It is messy, for one thing. Crumpled and torn bits of paper, distressed and ravaged by the processes they have been subjected to, hang off it at every point. The ropes groan and buckle beneath. Flashes of canary yellow, crimson, blushing peach, and fluorescent orange burst through a fragmented overlay of black and white. Much of the white has a pale, icy blue hue, but there are otherwise no deep blues, greens, or purples.
LeWitt tended to make things according to additive principles: this, then this, then this. His wall drawings developed over the course of his career in much the same way, as anyone who has visited the extraordinary LeWitt wall drawings retrospective at Mass MoCA will know: first gray pencil, then colored pencil, then colored ink, then colored paint.
Bradford’s processes begin as additive (layers and layers of paper), but then turn against themselves as he assaults the work’s built-up integrity, like a farmer plowing back into soil exhausted by overuse. Other analogies — a divided society turning against its best self; a weathered antique with a beautiful patina — may fleetingly rise to the surface of your consciousness, but tend to evanesce.
In Tomkins’s recent profile, Bradford describes his work as “social abstraction” — abstract art “with a social or political context clinging to the edges.” And indeed, the edges of this wall drawing, which is titled “Pull Painting 1,” are themselves remarkable, with frayed bits of rope and paper hanging loose, and paint on the wall itself flaking off.
But Bradford is right, I think, to be modest about the political meanings of works such as these. They are essentially beautiful and satisfying abstractions — and to admit that in no way diminishes them.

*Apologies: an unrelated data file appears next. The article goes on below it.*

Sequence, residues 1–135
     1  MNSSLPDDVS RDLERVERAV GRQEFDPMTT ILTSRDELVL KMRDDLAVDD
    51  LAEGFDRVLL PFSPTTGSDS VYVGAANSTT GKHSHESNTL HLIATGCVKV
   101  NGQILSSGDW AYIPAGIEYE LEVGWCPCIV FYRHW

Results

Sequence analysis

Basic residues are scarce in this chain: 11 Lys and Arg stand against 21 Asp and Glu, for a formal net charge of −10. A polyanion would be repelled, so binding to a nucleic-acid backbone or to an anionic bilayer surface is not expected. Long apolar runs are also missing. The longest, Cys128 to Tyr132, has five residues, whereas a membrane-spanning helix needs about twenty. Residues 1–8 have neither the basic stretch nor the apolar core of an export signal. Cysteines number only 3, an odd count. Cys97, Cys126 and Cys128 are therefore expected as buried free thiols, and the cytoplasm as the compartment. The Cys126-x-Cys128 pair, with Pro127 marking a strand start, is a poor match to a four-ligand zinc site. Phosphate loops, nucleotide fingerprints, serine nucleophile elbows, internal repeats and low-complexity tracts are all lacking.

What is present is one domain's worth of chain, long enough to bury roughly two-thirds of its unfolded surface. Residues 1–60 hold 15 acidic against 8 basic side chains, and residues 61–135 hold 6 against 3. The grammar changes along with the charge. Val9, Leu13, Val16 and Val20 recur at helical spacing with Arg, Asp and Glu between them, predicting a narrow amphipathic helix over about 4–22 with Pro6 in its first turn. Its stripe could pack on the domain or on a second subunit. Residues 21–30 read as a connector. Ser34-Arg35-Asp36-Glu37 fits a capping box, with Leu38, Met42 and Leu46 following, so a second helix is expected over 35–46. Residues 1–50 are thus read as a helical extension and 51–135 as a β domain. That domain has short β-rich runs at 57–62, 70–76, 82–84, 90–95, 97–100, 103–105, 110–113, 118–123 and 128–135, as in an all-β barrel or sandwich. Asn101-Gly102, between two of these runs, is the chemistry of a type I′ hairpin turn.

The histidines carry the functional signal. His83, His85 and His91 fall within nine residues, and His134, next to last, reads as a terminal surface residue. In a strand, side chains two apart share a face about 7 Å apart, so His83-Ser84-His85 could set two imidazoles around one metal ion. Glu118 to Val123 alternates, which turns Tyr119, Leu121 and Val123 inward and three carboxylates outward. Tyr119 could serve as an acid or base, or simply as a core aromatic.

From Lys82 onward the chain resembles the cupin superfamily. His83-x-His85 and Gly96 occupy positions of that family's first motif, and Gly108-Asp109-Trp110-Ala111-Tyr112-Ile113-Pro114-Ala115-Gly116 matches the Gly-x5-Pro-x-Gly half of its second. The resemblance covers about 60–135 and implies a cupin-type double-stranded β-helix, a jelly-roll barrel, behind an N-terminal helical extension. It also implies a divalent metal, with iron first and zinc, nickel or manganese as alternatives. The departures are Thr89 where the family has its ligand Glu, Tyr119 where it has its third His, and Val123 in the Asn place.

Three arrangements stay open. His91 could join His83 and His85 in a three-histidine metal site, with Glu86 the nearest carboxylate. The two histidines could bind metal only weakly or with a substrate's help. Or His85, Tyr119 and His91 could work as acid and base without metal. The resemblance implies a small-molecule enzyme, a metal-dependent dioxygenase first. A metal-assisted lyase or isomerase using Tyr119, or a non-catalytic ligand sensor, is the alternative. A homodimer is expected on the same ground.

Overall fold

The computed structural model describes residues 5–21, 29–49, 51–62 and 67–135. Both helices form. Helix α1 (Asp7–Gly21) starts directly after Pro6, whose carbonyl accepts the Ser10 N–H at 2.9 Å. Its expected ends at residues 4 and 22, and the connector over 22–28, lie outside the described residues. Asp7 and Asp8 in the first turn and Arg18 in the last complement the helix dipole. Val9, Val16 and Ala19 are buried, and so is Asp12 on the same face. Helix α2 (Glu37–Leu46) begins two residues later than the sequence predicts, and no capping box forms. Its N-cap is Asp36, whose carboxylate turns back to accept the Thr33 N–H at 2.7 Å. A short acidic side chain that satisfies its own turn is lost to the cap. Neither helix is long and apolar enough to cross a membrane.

Bradford’s intermittent installations and video works have been more pointedly political, while his admirable acts of philanthropy and activism inevitably appear more efficacious than his art. (Bradford and his partner, Allan di Castro, run a private foundation, Art and Practice, which provides, among other things, life-skills training for foster youth in the 90008 ZIP code of Los Angeles.)
And yet, partly because so much of the paper Bradford uses is salvaged and has served other purposes, there is a sense even in Bradford’s most abstract work that the world — the real world, just outside, of naked commerce and racial prejudice and sexuality and shouting and threats and frightened eyes and intangible yearning — is always close at hand.
This 172d iteration of MATRIX — for which Bradford designed a limited edition poster, just as LeWitt made one for the first MATRIX exhibition in 1975 — includes two other works that hang opposite “Pull Painting 1.”
Called “Pile of Blocks” and “Wet Grass,” they’re both new paintings, 7 feet across and 6 feet high. Although they also use colored paper and ropes or caulking in long horizontal lines, they have more physical integrity than the wall drawing — no loose bits hanging off. Snippets of text show through on a surface that is otherwise exquisitely painterly.
The Atheneum has placed a comfortable bench in the middle of the Bunce Gallery, which has a window at one end letting in natural light. You could do worse than spend part of an afternoon there. There’s a lovely park with a huge Alexander Calder sculpture outside, and usually a food truck selling good hot dogs on the sidewalk.
At: Wadsworth Atheneum Museum of Art, Hartford. Through Sept. 6. 860-278-2670, thewadsworth.orgSebastian Smee can be reached at email@example.com.